It is noteworthy to particularly consider this case because of the kinetics of worsening and the severity of the cytolysis that misled the initial diagnosis. Revised EBMT criteria for severity grading are hence very useful in this situation. Due to the renal failure, the transaminase level > 8× normal and the serum bilirubin level (67 µmol/L), this SOS/VOD was classified as a very severe case, according to the revised EBMT criteria [4]. The kinetics of appearance of the symptoms is of major importance since our patient developed a very severe SOS/VOD within 24 h. Despite early diagnosis and immediate treatment with defibrotide [1115] as well as a transient improvement of the liver test function, the continuous rising in bilirubin level probably indicates a non-resolving SOS/VOD. A rough degradation was observed on Day +16 and the evolution was fatal due to multi-organ-system failure. Moreover, no evidence of documented sepsis was found that could explain for this sudden deterioration.

Our patient experienced a very severe SOS/VOD without classical risk factors. The diagnosis should be considered in a patient who develops a “fulminant hepatitis” after an intensive chemotherapy since early intervention could improve outcome. One should pay particular attention to this atypical presentation in order to dispense optimal care.

Abbreviations

SOS: 

sinusoidal obstruction syndrome

VOD: 

veno-occlusive disease

HSCT: 

hematopoietic stem cell transplantation

PET-CT: 

positron emission tomography

ULN: 

upper limit of normal

AST: 

aspartate aminotransferase

ALT: 

alanine aminotransferase

PAI-1: 

plasminogen activator inhibitor-1

EBMT: 

European Society for Blood and Marrow Transplantation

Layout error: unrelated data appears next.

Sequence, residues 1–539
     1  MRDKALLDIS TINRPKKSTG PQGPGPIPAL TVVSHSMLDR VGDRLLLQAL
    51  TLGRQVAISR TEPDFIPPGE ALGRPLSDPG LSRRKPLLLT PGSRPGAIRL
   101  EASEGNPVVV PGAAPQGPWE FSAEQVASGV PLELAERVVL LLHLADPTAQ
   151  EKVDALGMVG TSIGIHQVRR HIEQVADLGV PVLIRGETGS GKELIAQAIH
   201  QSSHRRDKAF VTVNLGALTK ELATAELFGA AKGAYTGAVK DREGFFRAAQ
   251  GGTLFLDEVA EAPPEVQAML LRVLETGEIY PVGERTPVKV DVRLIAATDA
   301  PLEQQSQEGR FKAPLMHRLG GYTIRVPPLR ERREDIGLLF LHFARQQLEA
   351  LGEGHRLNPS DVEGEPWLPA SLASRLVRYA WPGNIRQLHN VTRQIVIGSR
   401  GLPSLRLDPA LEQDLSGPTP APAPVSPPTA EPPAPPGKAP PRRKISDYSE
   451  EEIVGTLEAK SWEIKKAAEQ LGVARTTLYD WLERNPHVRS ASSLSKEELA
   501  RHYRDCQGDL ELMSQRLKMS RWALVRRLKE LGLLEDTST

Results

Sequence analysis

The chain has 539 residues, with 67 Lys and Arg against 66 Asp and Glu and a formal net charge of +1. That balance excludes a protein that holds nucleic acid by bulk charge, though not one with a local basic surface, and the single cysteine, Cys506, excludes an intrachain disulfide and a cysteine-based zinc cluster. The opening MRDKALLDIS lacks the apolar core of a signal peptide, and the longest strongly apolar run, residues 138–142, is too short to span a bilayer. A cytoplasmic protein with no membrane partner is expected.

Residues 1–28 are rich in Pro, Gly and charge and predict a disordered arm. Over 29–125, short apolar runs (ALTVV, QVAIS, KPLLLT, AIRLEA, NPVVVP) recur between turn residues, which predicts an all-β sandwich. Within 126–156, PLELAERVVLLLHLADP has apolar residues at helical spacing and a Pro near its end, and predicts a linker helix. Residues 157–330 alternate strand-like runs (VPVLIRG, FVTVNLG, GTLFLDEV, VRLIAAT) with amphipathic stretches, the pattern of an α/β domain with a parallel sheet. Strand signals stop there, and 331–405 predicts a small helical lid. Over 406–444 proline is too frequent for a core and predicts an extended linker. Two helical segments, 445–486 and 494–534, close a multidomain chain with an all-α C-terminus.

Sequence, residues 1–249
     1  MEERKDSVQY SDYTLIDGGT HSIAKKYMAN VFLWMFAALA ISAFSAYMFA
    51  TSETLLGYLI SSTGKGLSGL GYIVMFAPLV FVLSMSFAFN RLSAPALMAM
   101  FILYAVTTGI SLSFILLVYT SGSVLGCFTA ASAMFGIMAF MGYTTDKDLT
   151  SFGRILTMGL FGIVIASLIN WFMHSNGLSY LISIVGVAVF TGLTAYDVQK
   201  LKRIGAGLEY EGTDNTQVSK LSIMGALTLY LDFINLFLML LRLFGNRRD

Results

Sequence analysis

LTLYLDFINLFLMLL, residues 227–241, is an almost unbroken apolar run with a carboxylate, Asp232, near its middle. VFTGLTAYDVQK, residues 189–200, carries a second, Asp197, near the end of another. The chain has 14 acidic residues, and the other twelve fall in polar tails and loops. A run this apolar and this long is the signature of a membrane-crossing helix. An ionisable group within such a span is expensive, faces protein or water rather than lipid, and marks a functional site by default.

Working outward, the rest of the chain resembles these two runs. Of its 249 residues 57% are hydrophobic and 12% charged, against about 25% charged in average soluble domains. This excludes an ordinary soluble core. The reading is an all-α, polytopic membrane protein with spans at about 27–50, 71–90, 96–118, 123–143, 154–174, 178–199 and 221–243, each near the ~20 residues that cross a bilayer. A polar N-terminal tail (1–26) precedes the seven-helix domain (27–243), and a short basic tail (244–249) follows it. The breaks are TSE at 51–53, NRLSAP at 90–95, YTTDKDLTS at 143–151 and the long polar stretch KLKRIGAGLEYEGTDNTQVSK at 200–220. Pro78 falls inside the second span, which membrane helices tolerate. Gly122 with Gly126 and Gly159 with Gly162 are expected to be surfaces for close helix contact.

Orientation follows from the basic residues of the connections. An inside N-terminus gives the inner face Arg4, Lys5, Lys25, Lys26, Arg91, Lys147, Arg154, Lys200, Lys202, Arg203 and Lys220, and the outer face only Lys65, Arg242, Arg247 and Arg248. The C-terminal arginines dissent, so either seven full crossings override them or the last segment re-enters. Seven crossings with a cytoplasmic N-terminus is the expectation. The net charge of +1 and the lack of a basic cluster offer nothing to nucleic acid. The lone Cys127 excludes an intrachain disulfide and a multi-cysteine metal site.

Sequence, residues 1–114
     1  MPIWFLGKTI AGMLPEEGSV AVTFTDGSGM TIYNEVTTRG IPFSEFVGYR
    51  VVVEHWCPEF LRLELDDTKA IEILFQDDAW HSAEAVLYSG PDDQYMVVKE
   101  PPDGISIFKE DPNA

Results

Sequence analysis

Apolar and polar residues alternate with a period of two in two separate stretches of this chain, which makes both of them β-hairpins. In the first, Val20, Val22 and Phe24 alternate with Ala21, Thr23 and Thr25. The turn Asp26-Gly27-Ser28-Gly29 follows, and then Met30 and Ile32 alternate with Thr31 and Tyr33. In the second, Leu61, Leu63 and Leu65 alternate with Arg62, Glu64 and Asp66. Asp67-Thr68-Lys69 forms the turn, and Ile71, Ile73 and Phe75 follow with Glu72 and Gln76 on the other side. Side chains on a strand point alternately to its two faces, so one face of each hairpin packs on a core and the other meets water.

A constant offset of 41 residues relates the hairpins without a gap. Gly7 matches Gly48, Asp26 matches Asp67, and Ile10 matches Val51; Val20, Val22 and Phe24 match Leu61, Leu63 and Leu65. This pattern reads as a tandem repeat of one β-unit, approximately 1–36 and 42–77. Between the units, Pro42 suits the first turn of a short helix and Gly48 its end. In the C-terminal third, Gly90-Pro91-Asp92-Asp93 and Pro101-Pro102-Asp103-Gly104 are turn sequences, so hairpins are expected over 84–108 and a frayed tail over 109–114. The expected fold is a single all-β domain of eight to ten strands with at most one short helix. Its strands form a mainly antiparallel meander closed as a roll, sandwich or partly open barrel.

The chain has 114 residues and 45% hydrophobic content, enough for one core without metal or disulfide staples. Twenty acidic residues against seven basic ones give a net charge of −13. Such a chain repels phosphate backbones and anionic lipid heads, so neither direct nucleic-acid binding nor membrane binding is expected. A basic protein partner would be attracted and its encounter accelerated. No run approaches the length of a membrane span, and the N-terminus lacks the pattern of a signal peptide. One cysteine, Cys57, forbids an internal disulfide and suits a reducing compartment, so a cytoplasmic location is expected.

Declarations

Authors’ contributions

ET conceived and researched the study. ET, ED drafted the manuscript. FC performed the histological examination. JT took care of the patient’s management. ET, EC, JC, JT, AP, JAM, ED and DG performed the literature review and reviewed the manuscript. All authors read and approved the final manuscript.

Acknowledgements

None.

Competing interests

The authors declare that they have no competing interests.

Availability of data and materials

The data supporting the conclusions of this article is included within the article.

Consent for publication

Written informed consent was obtained from the patient.

Ethics approval and consent to participate

Not applicable for case reports.

Funding

All authors received no specific funding for the report.

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Authors’ Affiliations

(1)
Department of Clinical Hematology, Institut de Cancérologie Lucien Neuwirth, Saint Priest en Jarez, France
(2)
Department of Pathology, University Hospital, Saint Etienne, France
(3)
Intensive Care Unit, University Hospital, Saint Etienne, France